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article imageNeeds volunteers: Would you like going to Mars and never return?

By Eko Armunanto     Apr 24, 2013 in Technology
“Mars One will establish a permanent human settlement on Mars. We invite you to participate by sharing our vision with your friends, and, perhaps, by becoming the next Mars astronaut yourself,” the Dutch company says in its website.
It describes Mars One as a not-for-profit organization whose goal is to establish a human settlement on Mars through the integration of existing, readily available technologies from industry leaders world-wide. Mars One intends to fund this decade-long endeavor by involving the whole world as the audience of an interactive, televised broadcast of every aspect of this mission, from the astronaut selections and their preparations to the arrival on Mars and their lives on the Red Planet.
Mars One began looking Monday for volunteer astronauts to fly to Mars. Departure for the Red Planet is scheduled for 2022, landing seven months later in 2023. When will the space travelers return? Never! They will finish out their lives on Mars, representatives from the nonprofit said to CNN. "It's likely that there will be a crematorium," said CEO Bas Lansdorp. "It's up to the people on Mars to decide what to do with their dead."
Why not return? The technology for a return flight doesn't exist, says Mars One. While it is possible that, within the lifetime of the early settlers on Mars, there will be opportunity to bring one or more back to Earth, it cannot be anticipated nor expected. To return a human to Earth, a fully assembled and fueled launch vehicle (rocket) must be available, capable of escaping the gravitational field of Mars with ample, on-board life support systems and supplies for up to a seven months voyage, and the capability to either dock with a space station orbiting the Earth, or perform a safe re-entry and landing on Earth.
Contrary to the “return technology”, Mars One’s CEO Bas Lansdorp at a news conference maintained that no new inventions are needed to land humans on Mars as it’s not the first organization to ponder the idea of a manned mission to Mars. There have been many plans to do just this. And yet, none have come to fruition.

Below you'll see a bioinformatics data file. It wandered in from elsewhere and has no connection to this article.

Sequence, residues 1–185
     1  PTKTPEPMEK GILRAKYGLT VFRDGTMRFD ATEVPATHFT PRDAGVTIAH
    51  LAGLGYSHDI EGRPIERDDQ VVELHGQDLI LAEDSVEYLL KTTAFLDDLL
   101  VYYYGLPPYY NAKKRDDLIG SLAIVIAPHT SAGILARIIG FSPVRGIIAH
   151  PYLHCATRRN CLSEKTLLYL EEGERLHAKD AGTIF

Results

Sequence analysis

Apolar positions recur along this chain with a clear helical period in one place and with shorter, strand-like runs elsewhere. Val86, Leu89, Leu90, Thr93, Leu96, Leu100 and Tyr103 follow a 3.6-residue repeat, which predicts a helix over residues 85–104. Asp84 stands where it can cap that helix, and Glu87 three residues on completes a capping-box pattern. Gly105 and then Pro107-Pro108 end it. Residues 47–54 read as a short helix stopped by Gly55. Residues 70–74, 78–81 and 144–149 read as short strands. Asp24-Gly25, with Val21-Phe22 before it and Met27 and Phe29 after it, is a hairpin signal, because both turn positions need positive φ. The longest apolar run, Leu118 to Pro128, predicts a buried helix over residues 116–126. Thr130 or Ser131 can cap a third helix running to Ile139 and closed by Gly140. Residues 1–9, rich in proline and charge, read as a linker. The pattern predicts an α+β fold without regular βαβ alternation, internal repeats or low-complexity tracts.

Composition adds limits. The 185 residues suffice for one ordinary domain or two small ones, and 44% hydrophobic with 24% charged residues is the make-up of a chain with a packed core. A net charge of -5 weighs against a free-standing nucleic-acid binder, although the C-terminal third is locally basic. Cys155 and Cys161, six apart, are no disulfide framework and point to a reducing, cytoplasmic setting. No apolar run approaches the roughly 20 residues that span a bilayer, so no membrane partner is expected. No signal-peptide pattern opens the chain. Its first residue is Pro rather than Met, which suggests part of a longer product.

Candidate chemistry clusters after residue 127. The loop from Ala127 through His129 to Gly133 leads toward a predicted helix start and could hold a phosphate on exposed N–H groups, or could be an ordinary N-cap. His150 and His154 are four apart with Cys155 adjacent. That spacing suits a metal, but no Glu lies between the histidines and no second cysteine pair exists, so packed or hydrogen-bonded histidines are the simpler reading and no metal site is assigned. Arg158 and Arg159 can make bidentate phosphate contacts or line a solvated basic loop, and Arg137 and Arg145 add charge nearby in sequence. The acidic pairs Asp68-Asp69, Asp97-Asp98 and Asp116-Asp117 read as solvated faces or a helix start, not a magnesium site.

Shown on the website, thousands have applied to become one of four astronauts selected to set up a human colony in Mars. The Guardian says the project has already had 10 thousand applicants, according to the company's medical director, Norbert Kraft. When the official search is launched on Monday at the Hotel Pennsylvania in New York, they expect tens of thousands more hopefuls to put their names forward.
“Why should Mars One succeed?” asked the company while giving some reasons as written in its website:
Emigration – The Mars One astronauts will depart Earth assuming that they will never return. This radically changes the mission requirements, reducing the need for return vehicles associated with currently unavailable technologies and far greater costs.
Solar panels – Through the use of this simple, robust, and plentiful energy source, Mars One does not require the development and launch of a nuclear reactor, thereby saving time and money while avoiding the risks and concerns for use of a nuclear power source.
Simple rovers – Through the use of relatively simple rovers, designed to conduct basic settlement construction prior to human astronaut arrival, saving both time and cost.
No new developments – The entire plan revolves around the use of existing, validated technology
No politics – Suppliers are chosen on a balance of price and quality, not through political or national preferences.
Founded in 2010 by Bas Lansdorp, an engineer, Mars One says it has developed a realistic road map and financing plan for the project based on existing technologies and that the mission is perfectly feasible. The website states that the basic elements required for life are already present on the planet. For instance, water can be extracted from ice in the soil and Mars has sources of nitrogen, the primary element in the air we breathe. The colony will be powered by specially adapted solar panels, it says.
More about Mars, International Space Station, Space shuttle
 
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